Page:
NOTE: So glad to see the return of the Carnival of Journalism, where a group of passionate folks dedicated to exploring the future of journalism share ideas on a single topic. This month’s prompt is courtesy of @brianboyer:
Regardless of how we present our stories to our audiences — online, on-air, or in print — do we truly take them into consideration? Is the topic being reported on truly considered during the newsgathering process? Do we realize we can’t copy what other organizations do just because it’s already been “solved” for us? Can we look at internal reports like the NYT 2020 Report as a template or a bible for tackling how we interact with the communities we serve?
Twenty years ago, I was hired by an editor who wholeheartedly embraced the public-journalism movement. It was like being thrown into a bathtub filled with ice.
I had honed my craft in traditional news spaces. I had been educated at the nation’s oldest journalism school and trained at traditionally minded newspapers, places where you reported thoroughly and objectively, and offered your carefully culled facts for the audience to make up its own mind about what you had found.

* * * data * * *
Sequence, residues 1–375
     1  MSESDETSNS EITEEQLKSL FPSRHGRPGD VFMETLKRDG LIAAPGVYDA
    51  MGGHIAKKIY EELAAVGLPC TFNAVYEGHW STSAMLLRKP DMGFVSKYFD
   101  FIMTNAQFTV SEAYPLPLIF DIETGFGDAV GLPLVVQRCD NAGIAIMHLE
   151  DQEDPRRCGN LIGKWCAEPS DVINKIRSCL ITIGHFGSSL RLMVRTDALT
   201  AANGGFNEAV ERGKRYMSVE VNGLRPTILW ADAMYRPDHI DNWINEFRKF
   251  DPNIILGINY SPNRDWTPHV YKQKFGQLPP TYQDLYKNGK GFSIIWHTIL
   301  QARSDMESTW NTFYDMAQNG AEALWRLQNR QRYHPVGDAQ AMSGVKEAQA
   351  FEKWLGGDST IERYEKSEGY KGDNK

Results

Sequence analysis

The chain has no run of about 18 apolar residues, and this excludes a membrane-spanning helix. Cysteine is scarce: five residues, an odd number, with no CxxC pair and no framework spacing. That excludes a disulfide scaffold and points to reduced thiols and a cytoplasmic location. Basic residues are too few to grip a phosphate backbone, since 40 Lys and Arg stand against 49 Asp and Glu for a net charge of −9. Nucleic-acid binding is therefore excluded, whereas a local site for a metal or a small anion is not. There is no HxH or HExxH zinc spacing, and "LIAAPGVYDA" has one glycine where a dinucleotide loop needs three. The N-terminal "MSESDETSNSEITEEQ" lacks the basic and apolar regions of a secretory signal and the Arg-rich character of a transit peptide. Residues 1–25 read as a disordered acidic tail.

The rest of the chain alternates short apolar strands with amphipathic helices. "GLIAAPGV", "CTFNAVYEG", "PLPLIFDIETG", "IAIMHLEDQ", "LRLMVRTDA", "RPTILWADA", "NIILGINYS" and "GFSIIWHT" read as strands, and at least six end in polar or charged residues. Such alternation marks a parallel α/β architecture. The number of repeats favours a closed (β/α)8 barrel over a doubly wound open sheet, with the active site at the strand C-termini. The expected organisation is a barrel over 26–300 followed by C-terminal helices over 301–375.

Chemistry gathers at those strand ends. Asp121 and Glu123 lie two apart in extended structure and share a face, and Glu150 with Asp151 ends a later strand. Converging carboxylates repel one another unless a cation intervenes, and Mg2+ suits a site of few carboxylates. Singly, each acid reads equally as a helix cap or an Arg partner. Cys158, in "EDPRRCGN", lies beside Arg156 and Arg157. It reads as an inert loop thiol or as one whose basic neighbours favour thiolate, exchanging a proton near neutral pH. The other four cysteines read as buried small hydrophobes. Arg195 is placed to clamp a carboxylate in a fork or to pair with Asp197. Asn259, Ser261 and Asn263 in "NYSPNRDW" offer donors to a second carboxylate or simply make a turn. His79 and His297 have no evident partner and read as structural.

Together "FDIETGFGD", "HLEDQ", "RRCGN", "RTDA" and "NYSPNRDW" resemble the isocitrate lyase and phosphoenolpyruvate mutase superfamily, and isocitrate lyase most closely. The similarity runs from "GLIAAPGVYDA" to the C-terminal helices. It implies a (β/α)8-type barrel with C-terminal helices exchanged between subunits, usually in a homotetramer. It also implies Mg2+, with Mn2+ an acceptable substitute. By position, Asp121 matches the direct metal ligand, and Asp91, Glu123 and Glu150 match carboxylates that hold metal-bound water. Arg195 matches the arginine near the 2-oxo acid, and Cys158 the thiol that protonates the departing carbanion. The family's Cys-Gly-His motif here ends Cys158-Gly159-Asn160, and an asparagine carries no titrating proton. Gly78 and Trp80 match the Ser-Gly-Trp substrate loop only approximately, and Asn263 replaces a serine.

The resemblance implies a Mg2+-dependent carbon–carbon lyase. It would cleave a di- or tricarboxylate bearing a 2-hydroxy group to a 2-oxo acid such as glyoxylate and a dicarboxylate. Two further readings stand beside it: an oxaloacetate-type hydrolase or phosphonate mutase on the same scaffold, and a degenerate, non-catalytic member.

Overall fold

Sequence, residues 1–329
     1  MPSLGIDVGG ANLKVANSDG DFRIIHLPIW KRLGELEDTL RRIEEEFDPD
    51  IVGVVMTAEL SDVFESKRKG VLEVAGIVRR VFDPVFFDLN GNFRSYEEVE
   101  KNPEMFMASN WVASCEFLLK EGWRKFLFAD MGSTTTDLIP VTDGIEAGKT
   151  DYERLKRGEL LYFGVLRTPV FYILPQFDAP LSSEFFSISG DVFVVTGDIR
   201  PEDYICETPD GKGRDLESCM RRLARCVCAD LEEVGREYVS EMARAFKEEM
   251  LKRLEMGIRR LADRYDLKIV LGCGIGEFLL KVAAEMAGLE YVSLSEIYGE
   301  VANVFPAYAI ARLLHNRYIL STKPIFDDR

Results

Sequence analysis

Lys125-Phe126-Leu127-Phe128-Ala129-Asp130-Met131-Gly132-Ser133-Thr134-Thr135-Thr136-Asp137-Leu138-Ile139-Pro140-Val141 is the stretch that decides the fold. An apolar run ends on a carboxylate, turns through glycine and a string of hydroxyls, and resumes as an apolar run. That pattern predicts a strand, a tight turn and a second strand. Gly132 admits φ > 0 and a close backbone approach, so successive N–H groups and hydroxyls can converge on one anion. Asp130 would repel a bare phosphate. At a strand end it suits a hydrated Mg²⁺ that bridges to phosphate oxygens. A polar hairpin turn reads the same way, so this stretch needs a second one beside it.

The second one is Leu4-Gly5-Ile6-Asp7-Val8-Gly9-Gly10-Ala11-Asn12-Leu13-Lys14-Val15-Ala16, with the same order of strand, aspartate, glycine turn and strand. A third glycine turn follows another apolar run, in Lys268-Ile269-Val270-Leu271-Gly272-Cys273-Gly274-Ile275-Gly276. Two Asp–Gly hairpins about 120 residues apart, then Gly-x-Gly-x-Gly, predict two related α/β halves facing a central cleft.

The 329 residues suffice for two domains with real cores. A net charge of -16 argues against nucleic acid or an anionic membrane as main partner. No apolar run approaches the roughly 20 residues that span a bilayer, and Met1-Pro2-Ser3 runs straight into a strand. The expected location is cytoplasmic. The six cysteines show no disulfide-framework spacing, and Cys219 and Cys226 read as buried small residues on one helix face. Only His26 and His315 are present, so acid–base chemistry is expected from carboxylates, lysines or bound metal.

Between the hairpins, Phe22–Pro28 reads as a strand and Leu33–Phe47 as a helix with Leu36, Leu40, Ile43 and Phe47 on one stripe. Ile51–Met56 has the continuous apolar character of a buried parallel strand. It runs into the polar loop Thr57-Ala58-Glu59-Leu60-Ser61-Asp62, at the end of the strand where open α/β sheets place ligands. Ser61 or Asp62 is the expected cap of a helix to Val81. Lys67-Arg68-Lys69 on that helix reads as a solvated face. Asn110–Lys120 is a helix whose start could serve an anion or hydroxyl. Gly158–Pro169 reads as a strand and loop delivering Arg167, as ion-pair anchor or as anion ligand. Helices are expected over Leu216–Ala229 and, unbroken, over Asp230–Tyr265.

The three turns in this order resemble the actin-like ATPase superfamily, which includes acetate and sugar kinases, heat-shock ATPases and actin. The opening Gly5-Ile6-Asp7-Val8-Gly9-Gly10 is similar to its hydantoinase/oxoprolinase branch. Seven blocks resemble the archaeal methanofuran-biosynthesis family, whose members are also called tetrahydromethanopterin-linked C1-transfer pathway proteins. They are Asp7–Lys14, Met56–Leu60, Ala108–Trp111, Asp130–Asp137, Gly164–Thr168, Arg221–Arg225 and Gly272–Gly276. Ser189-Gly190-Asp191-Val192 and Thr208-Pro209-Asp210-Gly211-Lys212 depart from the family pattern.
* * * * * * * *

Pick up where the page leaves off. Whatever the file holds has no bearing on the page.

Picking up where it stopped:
I had spent the previous five years at the Arkansas Democrat-Gazette, one of the 75 largest papers in the country at the time by circulation. As one of five papers read every morning by President Bill Clinton, we regularly reminded ourselves of our own importance. If we wanted to write about something, by God, we did, and we knew how to write about it. Our strength came from our aggressiveness and independence, so we kept our stories close to the vest prior to publication. If the public had something to say about our work, they could send us a letter to the editor.
But the Springfield (Mo.) News-Leader had a different philosophy. Editor Randy Hammer believed in the power of community, and the newspaper was part of that community, not separate and above it. When he arrived in Springfield, he connected with the largest television station in town and began the Good Community project, an effort to identify the strengths and weaknesses of our area in the Missouri Ozarks. It wasn’t about competing for audience; it was about serving the public.